All Content, Blog, Review

Review: The Rapid Rose from Immaculate Confections

Natalie Porter is the founder of Immaculate Confections and the talented designer responsible for many of the most beautiful wedding cakes that light up our newsfeeds.

Her journey into the world of all-things-sugar began back in 2012, when Natalie created her first wedding cake – her own.

When she and husband Chris were planning their wedding, they decided they wanted something very personal and a little bit different for their cake. They weren’t able to find what they wanted from their local cake decorators, so, much to the horror of their families and friends, Natalie decided to take on the challenge of making their wedding cake herself.

Luckily, Natalie’s edible recreation of Lord of the Rings’ Minas Tirith was incredible and she realised that she clearly had a real talent for sugar art.

Roll forward six years and Natalie’s eye-catching designs are now regularly featured in magazines and blogs, she has won a multitude of gold awards at an international level and she is now teaching sugarcraft to other designers and artists.

However, her award-winning cakes are not the only thing that Immaculate Confections is known for, because in 2016, Natalie introduced her first time-saving product to the market: the Rapid Rose – the Five-Petal Rose Support Pad. Natalie explains that her Rapid Rose allows users to create beautiful non-wired roses from flower paste in just a few simple steps.

As a very reluctant sugar florist, the idea of being able to save time (and effort) on my usual one-petal-at-a-time method of crafting sugar roses sounds like a real winner to me and, after one of my subscribers reached out and asked me if I could demonstrate the Rapid Rose, I decided to get in touch with Natalie and ask if I could have a play.

Included in Natalie’s Ultimate Rapid Rose Bundle are the Five-Petal Rose Support Pad, a set of Five-Petal Rose cutters in 90mm, 80mm, 70mm and 60mm, a set of Extra Large Five-Petal Rose cutters in 100mm & 120mm, a Water Brush Pen and a sample pack of prepared 20mm and 25mm Poly-Buds for use with the rose cutters.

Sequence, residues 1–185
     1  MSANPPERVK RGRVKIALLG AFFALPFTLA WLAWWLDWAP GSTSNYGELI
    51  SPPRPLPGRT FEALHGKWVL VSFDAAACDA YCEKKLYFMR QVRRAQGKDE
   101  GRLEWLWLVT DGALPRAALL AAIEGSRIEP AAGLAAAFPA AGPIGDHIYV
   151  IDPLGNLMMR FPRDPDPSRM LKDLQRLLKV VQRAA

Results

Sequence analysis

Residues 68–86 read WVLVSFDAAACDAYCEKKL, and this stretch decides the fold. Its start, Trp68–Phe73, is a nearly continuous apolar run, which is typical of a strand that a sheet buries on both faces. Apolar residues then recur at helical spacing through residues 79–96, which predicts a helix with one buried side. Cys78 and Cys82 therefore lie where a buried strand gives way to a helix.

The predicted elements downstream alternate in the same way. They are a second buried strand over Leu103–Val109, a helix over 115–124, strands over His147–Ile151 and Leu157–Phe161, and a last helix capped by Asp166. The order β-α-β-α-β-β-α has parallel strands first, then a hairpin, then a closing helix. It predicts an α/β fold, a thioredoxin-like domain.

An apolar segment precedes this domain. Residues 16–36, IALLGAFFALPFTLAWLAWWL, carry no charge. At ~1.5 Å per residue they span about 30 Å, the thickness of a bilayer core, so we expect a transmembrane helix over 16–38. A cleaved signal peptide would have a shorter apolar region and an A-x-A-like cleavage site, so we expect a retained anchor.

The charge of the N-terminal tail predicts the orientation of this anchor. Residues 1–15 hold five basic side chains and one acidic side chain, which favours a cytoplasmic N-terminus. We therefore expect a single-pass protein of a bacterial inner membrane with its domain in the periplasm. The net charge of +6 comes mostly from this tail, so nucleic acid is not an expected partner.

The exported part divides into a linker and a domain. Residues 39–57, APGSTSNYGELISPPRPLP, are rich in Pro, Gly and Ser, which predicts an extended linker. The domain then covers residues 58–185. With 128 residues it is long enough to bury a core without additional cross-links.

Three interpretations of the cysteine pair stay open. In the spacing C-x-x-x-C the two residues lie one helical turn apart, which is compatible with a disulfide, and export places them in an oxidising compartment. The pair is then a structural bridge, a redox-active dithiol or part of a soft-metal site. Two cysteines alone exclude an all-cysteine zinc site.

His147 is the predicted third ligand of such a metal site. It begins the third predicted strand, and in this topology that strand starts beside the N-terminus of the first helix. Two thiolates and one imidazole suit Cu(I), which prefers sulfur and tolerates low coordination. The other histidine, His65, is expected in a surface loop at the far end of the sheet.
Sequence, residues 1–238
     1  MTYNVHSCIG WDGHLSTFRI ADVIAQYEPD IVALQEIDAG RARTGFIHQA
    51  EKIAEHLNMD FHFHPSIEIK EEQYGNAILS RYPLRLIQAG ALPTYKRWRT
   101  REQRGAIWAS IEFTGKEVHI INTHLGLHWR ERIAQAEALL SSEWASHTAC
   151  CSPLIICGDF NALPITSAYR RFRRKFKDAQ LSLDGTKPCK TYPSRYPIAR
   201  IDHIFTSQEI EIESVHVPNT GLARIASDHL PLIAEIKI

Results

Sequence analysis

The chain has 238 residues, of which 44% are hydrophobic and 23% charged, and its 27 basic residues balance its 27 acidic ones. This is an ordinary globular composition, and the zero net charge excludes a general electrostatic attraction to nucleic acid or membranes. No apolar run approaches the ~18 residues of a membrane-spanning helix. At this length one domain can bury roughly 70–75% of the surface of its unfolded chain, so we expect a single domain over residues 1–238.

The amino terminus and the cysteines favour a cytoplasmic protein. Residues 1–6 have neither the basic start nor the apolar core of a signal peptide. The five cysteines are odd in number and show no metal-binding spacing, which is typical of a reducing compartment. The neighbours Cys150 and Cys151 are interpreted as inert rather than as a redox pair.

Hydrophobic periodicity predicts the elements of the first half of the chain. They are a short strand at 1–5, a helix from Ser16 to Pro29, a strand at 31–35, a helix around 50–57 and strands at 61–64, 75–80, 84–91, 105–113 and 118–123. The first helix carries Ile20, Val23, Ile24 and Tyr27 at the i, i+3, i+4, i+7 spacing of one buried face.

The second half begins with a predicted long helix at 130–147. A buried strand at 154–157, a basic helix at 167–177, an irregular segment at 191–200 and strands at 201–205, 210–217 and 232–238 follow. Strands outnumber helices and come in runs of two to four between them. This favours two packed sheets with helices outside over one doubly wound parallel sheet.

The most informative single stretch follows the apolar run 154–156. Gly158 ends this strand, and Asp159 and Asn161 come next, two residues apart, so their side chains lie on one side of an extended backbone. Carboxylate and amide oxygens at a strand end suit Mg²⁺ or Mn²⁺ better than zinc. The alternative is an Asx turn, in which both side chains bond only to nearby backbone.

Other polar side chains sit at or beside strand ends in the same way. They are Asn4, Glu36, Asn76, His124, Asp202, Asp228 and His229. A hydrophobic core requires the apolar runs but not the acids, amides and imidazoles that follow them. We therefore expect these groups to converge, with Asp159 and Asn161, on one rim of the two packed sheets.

With such an array of goodies included in the pack, one could become a little bit intimidated by all the bits and pieces, but fortunately, every purchase of the Rapid Rose comes with a free digital tutorial, packed with step-by-step pictures and detailed instructions to help users make impressive and perfect sugar roses. This is where I decided to start, before I even unpacked the kit.

The tutorial was incredibly detailed and full of lots of helpful pictures, which made the process of using the kit for the first time very easy.

Natalie’s guide recommends that we use flower paste to craft her roses, but with the variety of amazing products that have been coming to the market over the last year or so, I thought I would try using my Rapid Rose kit with a selection of different products, namely Renshaw’s Petal Paste, Renshaw’s Flower & Modelling Paste and Renshaw’s Modelling Paste.

For my first attempt, I decided to use the Renshaw Petal Paste – simply because I hadn’t got around to trying it yet. Available exclusively in white, I decided to colour it, and all of my other pastes before I used them, with Sugarflair’s Blush Pink. It took quite a while to fully blend the colour with the paste and I have a feeling that I may have overworked it in the process. My petals quickly became very dry, in spite of storing them using Vanilla Valley’s Petal Shield. When I went on to construct my first rose using the coloured Petal Paste, you may notice that some of the edges cracked and frayed a little.

For my next attempts, I was careful not to overwork the other pastes and I was keen to see which one would produce the best results.

When it came to crafting my roses using the Rapid Rose, the process was incredibly simple. Natalie’s photo-tutorial really makes each step clear and I actually found that regardless of the paste I used, I was able to create some very pleasing roses – that, if I am honest, were just as good as the ones that I usually spend days painstakingly crafting.